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Modern Physics 6a – Intro to Quantum Mechanics Physical Systems, Thursday 15 Feb. 2007, EJZ. Plan for our last four weeks: week 6 (today), Ch.6.1-3: Schr ö dinger Eqn in 1D, square wells week 7, Ch.6.4-6: Expectation values, operators, quantum harmonic oscillator, applications

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Modern Physics 6a – Intro to Quantum Mechanics Physical Systems, Thursday 15 Feb. 2007, EJZ

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Modern Physics 6a – Intro to Quantum MechanicsPhysical Systems, Thursday 15 Feb. 2007, EJZ

  • Plan for our last four weeks:

  • week 6 (today), Ch.6.1-3: Schrödinger Eqn in 1D, square wells

  • week 7, Ch.6.4-6: Expectation values, operators, quantum harmonic oscillator, applications

  • week 8, Ch.7.1-3: Schrödinger Eqn in 3D, Hydrogen atom

  • week 9, Ch.7.4-8: Spin and angular momentum, applications


Outline – Intro to QM

  • How to predict a system’s behavior?

  • Schrödinger equation, energy & momentum operators

  • Wavefunctions, probability, measurements

  • Uncertainty principle, particle-wave duality

  • Applications


How can we describe a system and predict its evolution?

Classical mechanics: Force completely describes a system: Use F=ma = m dp/dt to find x(t) and v(t).

Quantum mechanics: Wavefunction y completely describes a QM system


Energy and momentum operators

From deBroglie wavelength, construct a differential operator for momentum:

Similarly, from uncertainty principle, construct energy operator:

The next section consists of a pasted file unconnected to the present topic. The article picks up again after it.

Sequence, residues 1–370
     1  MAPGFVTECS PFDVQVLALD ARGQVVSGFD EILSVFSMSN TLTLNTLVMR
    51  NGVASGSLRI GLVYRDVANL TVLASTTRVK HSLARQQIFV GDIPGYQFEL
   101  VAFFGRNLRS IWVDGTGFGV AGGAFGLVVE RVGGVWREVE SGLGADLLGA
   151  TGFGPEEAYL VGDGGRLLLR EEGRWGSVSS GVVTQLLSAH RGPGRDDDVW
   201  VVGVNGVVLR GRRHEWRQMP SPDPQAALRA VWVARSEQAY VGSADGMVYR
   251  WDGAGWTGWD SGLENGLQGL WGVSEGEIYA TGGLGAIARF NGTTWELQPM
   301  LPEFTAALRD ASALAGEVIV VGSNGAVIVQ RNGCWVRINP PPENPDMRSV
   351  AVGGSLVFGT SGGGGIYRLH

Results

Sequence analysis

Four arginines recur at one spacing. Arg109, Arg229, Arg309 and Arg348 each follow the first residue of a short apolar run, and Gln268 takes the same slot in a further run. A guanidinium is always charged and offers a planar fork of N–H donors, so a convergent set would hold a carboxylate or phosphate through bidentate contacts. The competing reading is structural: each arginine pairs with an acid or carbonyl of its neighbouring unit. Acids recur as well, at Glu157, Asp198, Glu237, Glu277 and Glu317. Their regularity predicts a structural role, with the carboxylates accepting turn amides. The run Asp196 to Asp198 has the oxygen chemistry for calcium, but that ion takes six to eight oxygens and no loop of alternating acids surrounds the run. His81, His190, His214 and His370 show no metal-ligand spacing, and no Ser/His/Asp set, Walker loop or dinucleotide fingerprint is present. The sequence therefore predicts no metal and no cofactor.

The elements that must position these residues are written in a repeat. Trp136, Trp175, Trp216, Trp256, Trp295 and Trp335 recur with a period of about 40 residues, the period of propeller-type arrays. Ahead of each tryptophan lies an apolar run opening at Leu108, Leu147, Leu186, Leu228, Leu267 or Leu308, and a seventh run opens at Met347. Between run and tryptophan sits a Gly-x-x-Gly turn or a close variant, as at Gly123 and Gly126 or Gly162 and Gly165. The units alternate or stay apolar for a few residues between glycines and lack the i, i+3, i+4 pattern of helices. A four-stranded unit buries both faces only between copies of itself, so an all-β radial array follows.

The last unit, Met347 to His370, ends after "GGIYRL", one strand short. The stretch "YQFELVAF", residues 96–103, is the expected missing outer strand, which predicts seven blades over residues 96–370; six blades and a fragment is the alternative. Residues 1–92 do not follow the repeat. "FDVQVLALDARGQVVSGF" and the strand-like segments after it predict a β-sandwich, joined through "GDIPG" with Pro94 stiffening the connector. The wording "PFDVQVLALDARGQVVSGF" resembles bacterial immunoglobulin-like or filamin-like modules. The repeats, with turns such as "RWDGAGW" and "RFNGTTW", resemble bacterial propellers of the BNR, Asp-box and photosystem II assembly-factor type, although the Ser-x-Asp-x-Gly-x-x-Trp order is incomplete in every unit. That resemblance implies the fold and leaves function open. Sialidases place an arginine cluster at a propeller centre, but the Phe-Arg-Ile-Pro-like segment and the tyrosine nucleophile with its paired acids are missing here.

Energy conservation  Schroedinger eqn.

E = T + V

Ey = Ty + Vy

where y is the wavefunction and

operators depend on x, t, and momentum:

Solve the Schroedinger eqn. to find the wavefunction, and you know *everything* possible about your QM system.


Schrödinger Eqn

We saw that quantum mechanical systems can be described by wave functions Ψ.

A general wave equation takes the form:

Ψ(x,t) = A[cos(kx-ωt) + i sin(kx-ωt)] = e i(kx-ωt)

Substitute this into the Schrodinger equation to see if it satisfies energy conservation.


Derivation of Schrödinger Equation


Wave function and probability

Probability that a measurement of the system will yield a result between x1 and x2 is


Measurement collapses the wave function

  • This does not mean that the system was at X before the measurement - it is not meaningful to say it was localized at all before the measurement.

  • Immediately after the measurement, the system is still at X.

  • Time-dependent Schrödinger eqn describes evolution of y after a measurement.


Exercises in probability: qualitative


Exercises in probability: quantitative

1. Probability that an individual selected at random has age=15?

2. Most probable age? 3. Median?

4. Average = expectation value of repeated measurements of many identically prepared system:

5. Average of squares of ages =

6. Standard deviation s will give us uncertainty principle...


Exercises in probability: uncertainty

Standard deviation s can be found from the deviation from the average:

But the average deviation vanishes:

So calculate the average of the square of the deviation:

Exercise: show that it is valid to calculate s more easily by:

HW: Find these quantities for the exercise above.


Expectation values

Most likely outcome of a measurement of position, for a system (or particle) in state y:

Most likely outcome of a measurement of position, for a system (or particle) in state y:


Uncertainty principle

Position is well-defined for a pulse with ill-defined wavelength. Spread in position measurements = sx